Lobster

Lobster

By
From
Encyclopedia of Food and Cookery

The Australian rock lobster (spiny lobster or crayfish), with its long antennae and rough, spiny carapace (shell), is one of the delights of the crustacean world. The meat, most of which is found in the tail, is sweet, firm-textured and very white when it is cooked. It can be used in any recipe needing lobster meat.

Allow ½ large or 1 small lobster per serving. They may be bought live or ready cooked. When buying cooked lobster, make certain the tail is tightly curled into the body and snaps back when straightened, and that the lobster is heavy for its size. The smell should be sweet and fresh. A 1–1.5 kg lobster is ideal; larger ones tend to be rather tough so are best avoided.

The European lobster or French homard from northern seas differs from the Australian rock lobster in that it has large pincer claws, containing much of the sweet juicy meat, and a smooth, shiny carapace.

To boil lobster: If a recipe calls for green (uncooked) lobster, it should be killed immediately before cooking. To boil, place lobster in a large saucepan of fresh cold water and bring slowly to simmering point. Simmer for 10 minutes for the first 500 g weight and 7 minutes for each 500 g over. Remove from water and allow to cool.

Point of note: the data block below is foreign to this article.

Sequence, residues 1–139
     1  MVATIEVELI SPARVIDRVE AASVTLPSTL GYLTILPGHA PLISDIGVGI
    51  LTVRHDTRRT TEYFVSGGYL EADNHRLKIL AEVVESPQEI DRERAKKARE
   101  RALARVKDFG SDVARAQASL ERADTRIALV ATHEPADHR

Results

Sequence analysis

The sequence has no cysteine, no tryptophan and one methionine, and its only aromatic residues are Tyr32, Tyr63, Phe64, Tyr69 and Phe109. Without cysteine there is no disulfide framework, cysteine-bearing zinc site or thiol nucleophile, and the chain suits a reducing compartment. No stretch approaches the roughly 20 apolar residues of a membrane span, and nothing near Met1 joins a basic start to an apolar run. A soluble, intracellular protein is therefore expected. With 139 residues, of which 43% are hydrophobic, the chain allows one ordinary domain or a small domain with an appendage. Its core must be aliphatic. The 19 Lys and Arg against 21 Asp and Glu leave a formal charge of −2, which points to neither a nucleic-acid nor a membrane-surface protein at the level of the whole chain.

You may use frozen green lobster tails instead, if you prefer.

To clean lobster: Use a heavy sharp knife. Cut the lobster in half lengthways. Insert the point of the knife at the tail, cut towards the head and slit the underside. Remove the intestinal vein that runs the length of the lobster, and all the soft matter in the body and at the top of the head. Retain any orange or pink roe and the thick, dark-brown liquid, which is the mustard or tomalley. The roe can be gently poached; the mustard can be used in a sauce or butter for the lobster, or can be placed in a small bowl and cooked in a water bath, to be served separately as an accompaniment or used as a spread for canapés.

To remove meat from shell: Prise the meat from the tail and body with a sharp knife and cut into pieces. The meat may be extracted from the legs by breaking them at the joints and carefully pulling the meat out. Rinse carapace and dry well. It can then be used as a container in which to serve the meat.

Ingredients

Quantity Ingredient
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